According to a Yahoo poll, 74% of the people who participated believe heaven exists. Now, I’m not going to talk about this from a neuroscientific perspective; the much more eloquent and qualified Sam Harris has already done that. However, I will speak of this from another perspective—a human perspective. Dr. Eben Alexander has two sons and a wife—plenty good reason to fabricate such a story with money in mind. Any good father would think of his family after a near-death experience. Yes, he’s a successful neurosurgeon; surely he doesn’t need the money…right? Neurosurgeons earn anywhere between 250,000 and 700,000 annually. That may sound like a lot, but had he passed away, they would have likely received his pension, annuity, etc. Perhaps that creeps over a million or so, but when someone faces death, what may seem like enough isn’t enough. I find it more probable that he invented this story in order to write a book and profit off the gullibility of religious zealots—specifically Christians. However, there’s another problem with his story:
Although I considered myself a faithful Christian, I was so more in name than in actual belief. I didn’t begrudge those who wanted to believe that Jesus was more than simply a good man who had suffered at the hands of the world. I sympathized deeply with those who wanted to believe that there was a God somewhere out there who loved us unconditionally. In fact, I envied such people the security that those beliefs no doubt provided. But as a scientist, I simply knew better than to believe them myself.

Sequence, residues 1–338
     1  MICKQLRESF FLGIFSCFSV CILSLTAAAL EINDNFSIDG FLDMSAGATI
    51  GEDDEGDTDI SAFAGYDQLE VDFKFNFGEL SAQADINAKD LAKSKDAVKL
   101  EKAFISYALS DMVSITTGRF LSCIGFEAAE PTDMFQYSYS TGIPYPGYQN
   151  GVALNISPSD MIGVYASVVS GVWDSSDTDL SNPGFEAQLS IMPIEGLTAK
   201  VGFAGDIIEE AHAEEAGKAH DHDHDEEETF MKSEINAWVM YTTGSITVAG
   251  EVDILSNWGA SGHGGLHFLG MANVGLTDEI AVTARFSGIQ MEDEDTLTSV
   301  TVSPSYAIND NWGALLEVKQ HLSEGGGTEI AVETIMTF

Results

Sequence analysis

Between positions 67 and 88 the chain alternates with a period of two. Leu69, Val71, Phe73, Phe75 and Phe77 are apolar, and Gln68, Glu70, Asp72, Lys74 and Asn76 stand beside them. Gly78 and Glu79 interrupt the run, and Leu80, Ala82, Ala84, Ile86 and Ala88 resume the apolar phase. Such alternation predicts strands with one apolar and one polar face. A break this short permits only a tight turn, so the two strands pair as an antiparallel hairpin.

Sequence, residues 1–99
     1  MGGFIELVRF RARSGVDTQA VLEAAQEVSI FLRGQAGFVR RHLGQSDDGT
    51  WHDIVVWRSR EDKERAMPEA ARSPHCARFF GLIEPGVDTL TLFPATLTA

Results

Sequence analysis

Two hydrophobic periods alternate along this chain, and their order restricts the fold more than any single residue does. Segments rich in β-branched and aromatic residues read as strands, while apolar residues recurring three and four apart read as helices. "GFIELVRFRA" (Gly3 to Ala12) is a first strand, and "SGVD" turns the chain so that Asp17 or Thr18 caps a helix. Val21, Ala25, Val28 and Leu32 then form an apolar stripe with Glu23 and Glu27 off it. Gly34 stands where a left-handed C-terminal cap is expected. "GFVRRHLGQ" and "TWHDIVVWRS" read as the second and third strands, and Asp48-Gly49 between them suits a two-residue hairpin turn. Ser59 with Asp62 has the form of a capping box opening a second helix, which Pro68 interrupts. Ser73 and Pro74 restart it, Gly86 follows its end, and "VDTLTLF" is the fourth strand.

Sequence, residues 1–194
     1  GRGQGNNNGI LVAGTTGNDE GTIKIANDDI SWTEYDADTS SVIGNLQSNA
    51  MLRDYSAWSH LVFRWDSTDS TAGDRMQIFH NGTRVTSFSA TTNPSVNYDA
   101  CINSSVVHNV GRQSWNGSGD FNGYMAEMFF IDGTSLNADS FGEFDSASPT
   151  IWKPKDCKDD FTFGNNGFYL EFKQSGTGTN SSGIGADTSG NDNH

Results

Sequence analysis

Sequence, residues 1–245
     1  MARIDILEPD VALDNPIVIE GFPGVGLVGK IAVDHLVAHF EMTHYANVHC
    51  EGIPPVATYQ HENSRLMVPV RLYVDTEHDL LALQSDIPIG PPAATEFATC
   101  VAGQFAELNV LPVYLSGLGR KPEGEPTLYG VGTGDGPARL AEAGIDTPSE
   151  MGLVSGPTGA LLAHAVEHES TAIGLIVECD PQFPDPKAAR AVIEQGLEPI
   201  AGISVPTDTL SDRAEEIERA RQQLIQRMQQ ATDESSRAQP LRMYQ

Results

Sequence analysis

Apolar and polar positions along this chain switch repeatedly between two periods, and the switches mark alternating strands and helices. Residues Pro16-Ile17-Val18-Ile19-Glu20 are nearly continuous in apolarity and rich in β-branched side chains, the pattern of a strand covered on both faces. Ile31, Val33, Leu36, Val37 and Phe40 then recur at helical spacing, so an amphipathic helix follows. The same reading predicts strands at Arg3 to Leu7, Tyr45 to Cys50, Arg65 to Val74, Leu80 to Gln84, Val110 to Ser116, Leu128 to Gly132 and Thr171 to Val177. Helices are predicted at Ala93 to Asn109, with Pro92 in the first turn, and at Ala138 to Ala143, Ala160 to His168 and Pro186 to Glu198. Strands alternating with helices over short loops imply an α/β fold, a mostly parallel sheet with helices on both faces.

A lukewarm Christian? A skeptic? One can’t be too certain after reading that. If what he’s saying is true, how did he enter heaven? Doesn’t god spit out the lukewarm (Revelation 3:16)? Aren’t them who disown Jesus disowned before the father and his angels (Luke 12:8,9)? What about his vision? He was on a butterfly wing. He saw arcs of light and called them “angels”. Why didn’t he see cherubim (also known as the four living creatures) (Ezekiel 1:5-10; Revelation 4:8) and seraphim (Isaiah 6:2-4)? Why didn’t he see thrones? Why didn’t he see the 24 elders (Revelation 4)? What about the son sitting at the right hand of the father? His version of heaven doesn’t even sound like the Christian version—like the versions purportedly put forth by Isaiah, Ezekiel and John! Yet they believe him. Here’s what I gather from all of this: 1) a man will do anything to ensure that his family is secure 2) people forget theology because they’re so desperate for an afterlife and proof of its existence. Does heaven exist? He may want it to exist; you may want that too, but the fact remains, heaven is the epitome of wishful thinking.